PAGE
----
author = "Gibbs, {Gordon F.} and Huston, {John III} and Bernstein, {Matthew A} and Riederer, {Stephen J} and Brown, {Robert D Jr.}",
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T1 - Improved Image Quality of Intracranial Aneurysms

T2 - 3.0-T versus 1.5-T Time-of-Flight MR Angiography

AU - Gibbs, Gordon F.

AU - Huston, John III

AU - Bernstein, Matthew A

AU - Riederer, Stephen J

AU - Brown, Robert D Jr.

PY - 2004/1

Y1 - 2004/1

N2 - BACKGROUND AND PURPOSE: We hypothesize that the nearly doubling of signal-to-noise ratio at 3.0 T compared with that at 1.5 T yields improved clinical MR angiograms and enables superior visualization of intracranial aneurysms. The goal of this study was to determine whether 3.0-T time-of-flight (TOF) MR angiography is superior to 1.5-T TOF MR angiography in the detection and characterization of intracranial aneurysms. METHODS: Fifty consecutive patients referred for MR angiography of a known or suspected intracranial aneurysm underwent 3-T TOF MR angiography. Seventeen of these 50 patients had also previously undergone 1.5-T TOF MR angiography and these images were used as a basis for comparison with images obtained at 3.0 T. Fourteen of 23 patients in whom aneurysms were identified also underwent prior conventional angiography, which was used as the reference standard. Readers blinded to patient history identified the presence and location of aneurysm(s) on angiograms and graded images for overall image quality by using a five-point scale. RESULTS: Twenty-eight aneurysms were identified in 23 of 50 patients. Seventeen aneurysms in 17 patients had been documented with 1.5-T MR angiography. The 3.0-T technique had a higher mean image quality score than that of the 1.5-T MR technique (P < .0001). Both 3.0-T and 1.5-T TOF MR angiography depicted all the aneurysms that had been documented by conventional angiography. CONCLUSION: 3D TOF MR angiography at 3 T offers superior depiction of intracranial aneurysms compared with that of 1.5-T TOF MR angiography.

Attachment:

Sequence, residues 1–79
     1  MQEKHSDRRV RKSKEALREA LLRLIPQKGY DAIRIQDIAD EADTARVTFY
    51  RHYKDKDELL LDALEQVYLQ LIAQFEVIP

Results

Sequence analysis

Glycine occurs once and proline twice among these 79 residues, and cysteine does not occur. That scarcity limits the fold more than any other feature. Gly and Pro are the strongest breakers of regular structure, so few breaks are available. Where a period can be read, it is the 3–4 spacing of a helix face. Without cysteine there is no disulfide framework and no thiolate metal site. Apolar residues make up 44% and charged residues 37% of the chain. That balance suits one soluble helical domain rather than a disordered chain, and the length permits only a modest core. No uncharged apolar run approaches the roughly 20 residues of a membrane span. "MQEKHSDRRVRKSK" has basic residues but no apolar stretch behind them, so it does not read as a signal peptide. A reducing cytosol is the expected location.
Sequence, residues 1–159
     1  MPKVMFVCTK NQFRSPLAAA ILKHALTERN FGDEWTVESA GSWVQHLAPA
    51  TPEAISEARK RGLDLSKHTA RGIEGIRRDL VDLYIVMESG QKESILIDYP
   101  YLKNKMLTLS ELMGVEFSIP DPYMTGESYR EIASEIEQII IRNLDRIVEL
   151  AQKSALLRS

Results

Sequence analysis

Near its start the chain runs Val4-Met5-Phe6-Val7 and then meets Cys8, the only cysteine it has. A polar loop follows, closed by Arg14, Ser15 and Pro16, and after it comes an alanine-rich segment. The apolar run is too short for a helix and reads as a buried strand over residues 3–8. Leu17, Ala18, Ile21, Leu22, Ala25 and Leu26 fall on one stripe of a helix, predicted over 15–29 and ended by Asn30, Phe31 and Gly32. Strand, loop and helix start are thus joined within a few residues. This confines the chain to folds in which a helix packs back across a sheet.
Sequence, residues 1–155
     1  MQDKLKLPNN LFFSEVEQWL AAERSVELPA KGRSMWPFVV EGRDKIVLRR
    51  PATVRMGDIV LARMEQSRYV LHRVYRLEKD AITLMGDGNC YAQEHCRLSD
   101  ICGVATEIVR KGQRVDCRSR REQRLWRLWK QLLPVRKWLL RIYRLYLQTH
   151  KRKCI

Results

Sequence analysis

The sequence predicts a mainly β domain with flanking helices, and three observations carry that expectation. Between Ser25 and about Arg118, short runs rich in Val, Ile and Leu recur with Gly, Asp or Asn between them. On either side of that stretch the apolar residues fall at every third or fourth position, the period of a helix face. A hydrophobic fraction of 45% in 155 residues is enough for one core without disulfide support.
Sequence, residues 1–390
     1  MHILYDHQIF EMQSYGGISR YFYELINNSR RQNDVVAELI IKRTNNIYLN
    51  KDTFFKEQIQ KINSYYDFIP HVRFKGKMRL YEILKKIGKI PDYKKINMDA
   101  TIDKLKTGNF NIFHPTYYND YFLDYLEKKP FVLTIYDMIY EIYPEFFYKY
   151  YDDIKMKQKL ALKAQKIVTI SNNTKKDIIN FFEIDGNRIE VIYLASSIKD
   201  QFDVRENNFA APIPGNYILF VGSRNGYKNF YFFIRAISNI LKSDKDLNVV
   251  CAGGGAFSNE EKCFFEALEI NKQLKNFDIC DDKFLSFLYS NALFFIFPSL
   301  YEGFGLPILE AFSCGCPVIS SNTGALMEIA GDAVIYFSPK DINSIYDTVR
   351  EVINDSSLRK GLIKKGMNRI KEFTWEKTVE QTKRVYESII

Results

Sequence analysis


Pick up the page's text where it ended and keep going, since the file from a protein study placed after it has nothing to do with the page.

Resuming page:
AB - BACKGROUND AND PURPOSE: We hypothesize that the nearly doubling of signal-to-noise ratio at 3.0 T compared with that at 1.5 T yields improved clinical MR angiograms and enables superior visualization of intracranial aneurysms. The goal of this study was to determine whether 3.0-T time-of-flight (TOF) MR angiography is superior to 1.5-T TOF MR angiography in the detection and characterization of intracranial aneurysms. METHODS: Fifty consecutive patients referred for MR angiography of a known or suspected intracranial aneurysm underwent 3-T TOF MR angiography. Seventeen of these 50 patients had also previously undergone 1.5-T TOF MR angiography and these images were used as a basis for comparison with images obtained at 3.0 T. Fourteen of 23 patients in whom aneurysms were identified also underwent prior conventional angiography, which was used as the reference standard. Readers blinded to patient history identified the presence and location of aneurysm(s) on angiograms and graded images for overall image quality by using a five-point scale. RESULTS: Twenty-eight aneurysms were identified in 23 of 50 patients. Seventeen aneurysms in 17 patients had been documented with 1.5-T MR angiography. The 3.0-T technique had a higher mean image quality score than that of the 1.5-T MR technique (P < .0001). Both 3.0-T and 1.5-T TOF MR angiography depicted all the aneurysms that had been documented by conventional angiography. CONCLUSION: 3D TOF MR angiography at 3 T offers superior depiction of intracranial aneurysms compared with that of 1.5-T TOF MR angiography.